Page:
When I moved into my house in Berlin’s former East years ago, one of the typical lime trees lining our street had grown so far towards the house that someone had put a Christmas bauble on the twig reaching up to my kitchen window. I enjoyed the gentle tap tap during windy days and never removed the bauble. Nowadays, the authorities look a little closer and there is a lot of trimming going on.

Not long ago, I was able to watch a pair of so-called tree surgeons ‘preparing’ city trees for the cold months. I was sitting outside with a rapidly cooling coffee when the spectacle began. Truth be told, I felt for this particular tree, which was still in full (yellow) foliage glamour. The show began – he to swing the chainsaw, she to watch and secure both him and the surrounding area. It was downright vaudeville material, the way they talked all the way through preparations and there was a lot of bragging going on from his side, bordering strongly on flirting. Meanwhile, they both looked supremely important in their flashy safety outfits.

I watched the guy being lifted high until reaching the main part of the beautiful crown, and soon he was sawing away with glee. However, the tree must have had different thoughts about the unannounced operation. After sawing off some of the smaller branches, the tree surgeon set about amputating the bigger ones, and at that point either he was too busy showing off, or the tree simply had it.

I had only stopped watching for a few minutes, but suddenly the guy was down on the ground again and I heard the sound of an ambulance in the distance. Still chatting excitedly, the man waved his arm at the approaching paramedics. As it turned out, the tree had thumped him: A big branch he was sawing away at had hit him in the chest and basically floored him.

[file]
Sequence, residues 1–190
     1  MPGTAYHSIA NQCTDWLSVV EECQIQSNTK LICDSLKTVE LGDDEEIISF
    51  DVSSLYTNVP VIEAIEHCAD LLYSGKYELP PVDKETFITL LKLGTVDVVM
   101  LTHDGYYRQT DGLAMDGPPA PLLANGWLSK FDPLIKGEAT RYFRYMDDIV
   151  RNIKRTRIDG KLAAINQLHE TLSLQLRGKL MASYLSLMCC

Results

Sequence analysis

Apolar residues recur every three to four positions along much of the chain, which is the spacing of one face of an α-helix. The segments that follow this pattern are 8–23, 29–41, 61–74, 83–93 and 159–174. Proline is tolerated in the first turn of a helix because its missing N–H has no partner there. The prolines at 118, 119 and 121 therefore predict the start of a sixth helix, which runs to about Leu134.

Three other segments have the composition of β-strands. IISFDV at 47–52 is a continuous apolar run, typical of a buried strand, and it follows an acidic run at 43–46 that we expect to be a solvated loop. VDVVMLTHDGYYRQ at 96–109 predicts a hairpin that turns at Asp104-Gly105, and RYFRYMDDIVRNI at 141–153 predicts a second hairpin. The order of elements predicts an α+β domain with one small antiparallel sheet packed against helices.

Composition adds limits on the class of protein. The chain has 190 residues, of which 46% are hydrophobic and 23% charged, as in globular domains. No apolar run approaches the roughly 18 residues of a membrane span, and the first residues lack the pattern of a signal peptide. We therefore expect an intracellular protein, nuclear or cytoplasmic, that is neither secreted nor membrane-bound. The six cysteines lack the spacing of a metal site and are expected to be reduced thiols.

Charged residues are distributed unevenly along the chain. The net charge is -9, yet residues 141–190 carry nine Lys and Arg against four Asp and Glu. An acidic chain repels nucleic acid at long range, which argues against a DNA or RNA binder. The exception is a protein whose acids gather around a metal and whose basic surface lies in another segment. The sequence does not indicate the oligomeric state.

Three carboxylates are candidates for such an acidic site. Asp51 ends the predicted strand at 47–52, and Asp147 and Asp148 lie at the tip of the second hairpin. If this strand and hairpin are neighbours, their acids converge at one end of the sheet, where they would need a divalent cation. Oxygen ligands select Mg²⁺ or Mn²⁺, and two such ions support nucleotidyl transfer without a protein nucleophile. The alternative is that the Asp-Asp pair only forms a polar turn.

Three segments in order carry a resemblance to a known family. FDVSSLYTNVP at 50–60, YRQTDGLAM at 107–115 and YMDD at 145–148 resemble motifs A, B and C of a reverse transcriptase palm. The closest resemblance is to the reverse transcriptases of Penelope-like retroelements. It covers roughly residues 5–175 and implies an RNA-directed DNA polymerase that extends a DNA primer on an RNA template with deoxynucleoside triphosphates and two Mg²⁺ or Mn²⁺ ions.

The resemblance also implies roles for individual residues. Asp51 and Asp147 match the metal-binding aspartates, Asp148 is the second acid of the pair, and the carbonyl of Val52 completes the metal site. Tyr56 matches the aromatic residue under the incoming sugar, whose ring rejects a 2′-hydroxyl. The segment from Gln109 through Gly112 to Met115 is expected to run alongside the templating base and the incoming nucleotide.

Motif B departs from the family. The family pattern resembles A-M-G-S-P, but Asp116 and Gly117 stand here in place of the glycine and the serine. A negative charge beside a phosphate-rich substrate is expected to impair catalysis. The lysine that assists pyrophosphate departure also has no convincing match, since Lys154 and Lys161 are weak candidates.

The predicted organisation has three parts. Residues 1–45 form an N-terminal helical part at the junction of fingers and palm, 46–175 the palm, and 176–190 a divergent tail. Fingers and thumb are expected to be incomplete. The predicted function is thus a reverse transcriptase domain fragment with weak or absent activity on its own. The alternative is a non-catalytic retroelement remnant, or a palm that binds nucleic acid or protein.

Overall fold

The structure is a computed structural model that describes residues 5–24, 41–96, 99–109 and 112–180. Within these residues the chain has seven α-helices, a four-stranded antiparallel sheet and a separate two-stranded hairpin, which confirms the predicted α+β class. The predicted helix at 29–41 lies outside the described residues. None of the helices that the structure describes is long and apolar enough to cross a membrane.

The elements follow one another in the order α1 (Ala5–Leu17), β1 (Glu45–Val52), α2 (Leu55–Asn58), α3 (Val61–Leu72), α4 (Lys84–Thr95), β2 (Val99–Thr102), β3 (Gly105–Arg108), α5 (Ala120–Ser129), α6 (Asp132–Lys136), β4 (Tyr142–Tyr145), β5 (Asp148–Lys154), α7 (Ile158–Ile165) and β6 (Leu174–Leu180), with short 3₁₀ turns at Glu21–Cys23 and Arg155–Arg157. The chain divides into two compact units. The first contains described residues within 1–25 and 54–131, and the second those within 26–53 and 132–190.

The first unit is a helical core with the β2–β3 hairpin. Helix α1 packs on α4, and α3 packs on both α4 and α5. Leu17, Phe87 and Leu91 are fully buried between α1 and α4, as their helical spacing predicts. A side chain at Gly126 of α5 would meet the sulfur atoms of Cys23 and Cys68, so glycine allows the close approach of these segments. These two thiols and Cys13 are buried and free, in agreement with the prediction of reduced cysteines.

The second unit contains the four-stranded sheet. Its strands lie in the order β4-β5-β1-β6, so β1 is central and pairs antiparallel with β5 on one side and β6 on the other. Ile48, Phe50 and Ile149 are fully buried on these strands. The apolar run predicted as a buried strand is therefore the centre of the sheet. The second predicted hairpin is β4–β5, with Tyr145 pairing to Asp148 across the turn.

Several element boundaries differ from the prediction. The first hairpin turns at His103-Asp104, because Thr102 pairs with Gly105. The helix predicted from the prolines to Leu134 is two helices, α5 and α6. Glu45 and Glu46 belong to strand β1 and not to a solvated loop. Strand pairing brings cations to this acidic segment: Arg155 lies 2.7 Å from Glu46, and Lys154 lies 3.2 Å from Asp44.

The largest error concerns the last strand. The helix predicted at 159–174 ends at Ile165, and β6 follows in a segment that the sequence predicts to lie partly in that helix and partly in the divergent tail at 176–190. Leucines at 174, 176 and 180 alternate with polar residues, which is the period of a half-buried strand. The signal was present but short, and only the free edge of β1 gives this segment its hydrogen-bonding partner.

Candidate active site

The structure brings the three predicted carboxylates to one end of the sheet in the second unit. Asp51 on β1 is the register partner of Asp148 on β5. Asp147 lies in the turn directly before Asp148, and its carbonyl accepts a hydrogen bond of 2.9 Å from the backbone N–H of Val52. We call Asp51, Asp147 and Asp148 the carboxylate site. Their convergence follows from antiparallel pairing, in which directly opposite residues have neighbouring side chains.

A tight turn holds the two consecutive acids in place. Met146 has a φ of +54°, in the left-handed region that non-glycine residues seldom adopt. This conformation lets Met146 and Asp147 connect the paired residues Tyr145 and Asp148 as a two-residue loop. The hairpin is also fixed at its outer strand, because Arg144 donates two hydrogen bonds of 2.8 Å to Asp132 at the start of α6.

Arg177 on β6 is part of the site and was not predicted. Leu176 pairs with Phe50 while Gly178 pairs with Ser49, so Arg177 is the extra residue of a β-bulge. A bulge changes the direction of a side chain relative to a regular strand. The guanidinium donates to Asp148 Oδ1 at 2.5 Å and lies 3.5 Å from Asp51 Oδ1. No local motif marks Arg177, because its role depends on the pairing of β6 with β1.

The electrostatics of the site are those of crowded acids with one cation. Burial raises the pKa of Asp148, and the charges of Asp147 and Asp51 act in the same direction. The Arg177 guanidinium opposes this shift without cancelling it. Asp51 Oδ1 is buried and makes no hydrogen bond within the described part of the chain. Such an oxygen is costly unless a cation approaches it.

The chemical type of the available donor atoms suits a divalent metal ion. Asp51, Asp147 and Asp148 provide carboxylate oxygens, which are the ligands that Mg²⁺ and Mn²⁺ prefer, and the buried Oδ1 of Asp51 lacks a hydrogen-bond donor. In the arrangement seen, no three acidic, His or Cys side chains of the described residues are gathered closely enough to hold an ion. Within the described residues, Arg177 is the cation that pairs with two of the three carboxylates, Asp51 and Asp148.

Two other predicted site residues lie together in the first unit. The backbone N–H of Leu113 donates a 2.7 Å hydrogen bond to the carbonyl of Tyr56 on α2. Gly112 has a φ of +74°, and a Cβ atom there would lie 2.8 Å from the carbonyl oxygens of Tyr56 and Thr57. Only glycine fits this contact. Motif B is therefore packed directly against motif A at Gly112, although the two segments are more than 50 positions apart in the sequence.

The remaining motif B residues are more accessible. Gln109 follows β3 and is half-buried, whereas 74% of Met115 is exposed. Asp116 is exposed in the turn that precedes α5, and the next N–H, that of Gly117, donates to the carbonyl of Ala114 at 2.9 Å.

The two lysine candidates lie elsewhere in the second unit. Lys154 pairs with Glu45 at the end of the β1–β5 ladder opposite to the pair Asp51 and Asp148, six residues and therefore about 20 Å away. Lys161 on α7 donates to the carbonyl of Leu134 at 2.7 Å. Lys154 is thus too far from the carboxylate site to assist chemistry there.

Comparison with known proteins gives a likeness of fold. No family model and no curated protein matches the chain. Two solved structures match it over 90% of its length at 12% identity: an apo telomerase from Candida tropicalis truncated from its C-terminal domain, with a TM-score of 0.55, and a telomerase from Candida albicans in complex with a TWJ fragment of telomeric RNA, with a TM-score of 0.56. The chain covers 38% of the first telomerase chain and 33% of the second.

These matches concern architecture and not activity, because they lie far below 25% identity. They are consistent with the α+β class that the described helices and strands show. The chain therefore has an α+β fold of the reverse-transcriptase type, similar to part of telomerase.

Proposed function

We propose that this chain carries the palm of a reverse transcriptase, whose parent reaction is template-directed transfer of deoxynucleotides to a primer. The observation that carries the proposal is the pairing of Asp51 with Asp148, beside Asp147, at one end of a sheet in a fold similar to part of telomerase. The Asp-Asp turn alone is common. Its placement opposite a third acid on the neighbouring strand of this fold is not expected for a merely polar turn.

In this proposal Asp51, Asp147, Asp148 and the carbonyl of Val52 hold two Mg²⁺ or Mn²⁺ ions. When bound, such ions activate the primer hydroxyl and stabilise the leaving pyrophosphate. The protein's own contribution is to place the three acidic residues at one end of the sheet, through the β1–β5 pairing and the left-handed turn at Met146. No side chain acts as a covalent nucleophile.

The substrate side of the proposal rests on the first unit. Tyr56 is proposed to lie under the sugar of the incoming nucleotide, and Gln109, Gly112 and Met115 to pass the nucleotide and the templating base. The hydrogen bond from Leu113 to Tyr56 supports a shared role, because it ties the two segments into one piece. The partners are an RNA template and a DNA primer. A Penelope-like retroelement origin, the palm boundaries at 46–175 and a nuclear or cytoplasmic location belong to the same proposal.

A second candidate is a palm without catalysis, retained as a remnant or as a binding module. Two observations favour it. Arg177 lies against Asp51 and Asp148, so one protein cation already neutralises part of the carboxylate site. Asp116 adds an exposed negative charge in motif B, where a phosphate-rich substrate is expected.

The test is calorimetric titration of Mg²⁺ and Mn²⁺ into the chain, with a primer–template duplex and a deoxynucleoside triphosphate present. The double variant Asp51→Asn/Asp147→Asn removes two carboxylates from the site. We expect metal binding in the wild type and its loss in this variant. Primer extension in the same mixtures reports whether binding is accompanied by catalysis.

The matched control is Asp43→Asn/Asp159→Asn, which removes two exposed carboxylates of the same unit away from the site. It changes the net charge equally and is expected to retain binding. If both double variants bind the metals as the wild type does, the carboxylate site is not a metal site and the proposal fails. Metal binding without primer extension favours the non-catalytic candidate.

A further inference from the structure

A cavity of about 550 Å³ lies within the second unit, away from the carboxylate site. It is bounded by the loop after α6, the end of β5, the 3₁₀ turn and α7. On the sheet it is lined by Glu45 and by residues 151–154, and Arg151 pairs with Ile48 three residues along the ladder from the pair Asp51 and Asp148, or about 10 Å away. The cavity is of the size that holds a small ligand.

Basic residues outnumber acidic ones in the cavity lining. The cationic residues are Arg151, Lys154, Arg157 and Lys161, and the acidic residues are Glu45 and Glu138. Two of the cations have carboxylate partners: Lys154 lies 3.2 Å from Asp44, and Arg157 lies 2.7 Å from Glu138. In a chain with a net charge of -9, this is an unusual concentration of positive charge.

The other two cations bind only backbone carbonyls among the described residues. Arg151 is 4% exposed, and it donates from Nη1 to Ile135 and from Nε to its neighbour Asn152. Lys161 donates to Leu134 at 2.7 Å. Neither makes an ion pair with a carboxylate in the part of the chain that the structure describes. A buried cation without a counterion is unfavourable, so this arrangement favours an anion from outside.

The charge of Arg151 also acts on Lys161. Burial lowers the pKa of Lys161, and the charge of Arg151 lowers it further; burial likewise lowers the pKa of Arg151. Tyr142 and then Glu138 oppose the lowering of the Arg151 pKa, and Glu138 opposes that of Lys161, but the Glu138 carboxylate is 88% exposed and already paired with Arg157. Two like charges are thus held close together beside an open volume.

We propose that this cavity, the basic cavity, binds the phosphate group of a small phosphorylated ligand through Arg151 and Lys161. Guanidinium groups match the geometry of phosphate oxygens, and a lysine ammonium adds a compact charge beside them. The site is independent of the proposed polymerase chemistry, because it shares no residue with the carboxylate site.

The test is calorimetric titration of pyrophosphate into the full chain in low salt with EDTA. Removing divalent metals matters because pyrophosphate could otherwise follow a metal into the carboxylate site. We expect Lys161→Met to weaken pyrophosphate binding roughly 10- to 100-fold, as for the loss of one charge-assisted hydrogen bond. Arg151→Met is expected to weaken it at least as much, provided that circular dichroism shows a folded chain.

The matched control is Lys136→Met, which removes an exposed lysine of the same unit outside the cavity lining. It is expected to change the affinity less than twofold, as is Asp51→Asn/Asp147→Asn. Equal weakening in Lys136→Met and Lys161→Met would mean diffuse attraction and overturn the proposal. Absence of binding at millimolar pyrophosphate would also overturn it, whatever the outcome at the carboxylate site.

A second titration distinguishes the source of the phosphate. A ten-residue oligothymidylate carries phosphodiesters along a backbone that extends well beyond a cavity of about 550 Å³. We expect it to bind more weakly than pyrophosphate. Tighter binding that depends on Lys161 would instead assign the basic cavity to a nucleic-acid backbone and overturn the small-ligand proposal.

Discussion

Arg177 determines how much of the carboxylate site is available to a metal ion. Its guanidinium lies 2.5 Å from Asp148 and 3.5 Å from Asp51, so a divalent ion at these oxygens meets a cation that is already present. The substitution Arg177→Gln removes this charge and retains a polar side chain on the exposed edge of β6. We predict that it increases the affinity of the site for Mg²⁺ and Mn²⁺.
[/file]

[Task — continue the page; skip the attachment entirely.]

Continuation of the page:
Next time at the cafe, I was sorry to see that the tree had quickly been operated on by another team, and is now displaying one sole left arm with a small yellow rest of foliage, defiantly pointing up to the sky. This sorry sight got me thinking about what we as citizens do to thousands of fir trees during the month of December. Bought at a convenient wholesaler at a ridiculous price, we put them in overheated homes for two weeks tops and then, come early January, the street corners of Berlin start looking like deserted battlefields: Trees piled upon trees, often for weeks on end as no one really knows or cares about official pick-up days – so the poor things are just lying there, displaying a sad rest of tinsel.

Now, I know that not everyone living in a big city necessarily ends up a tree nut, but here are my five cents: Why not enjoy them WHERE THEY ARE, namely outside? Fir trees stay green all through winter, and for all I know, nobody will mind if you put some tinsel on them – or why not decorate an accommodating linden branch with a bauble? It would be very Berlin.

Merry Christmas!

Berlin Notes: Town of coffee

Photo: Coline Mattée

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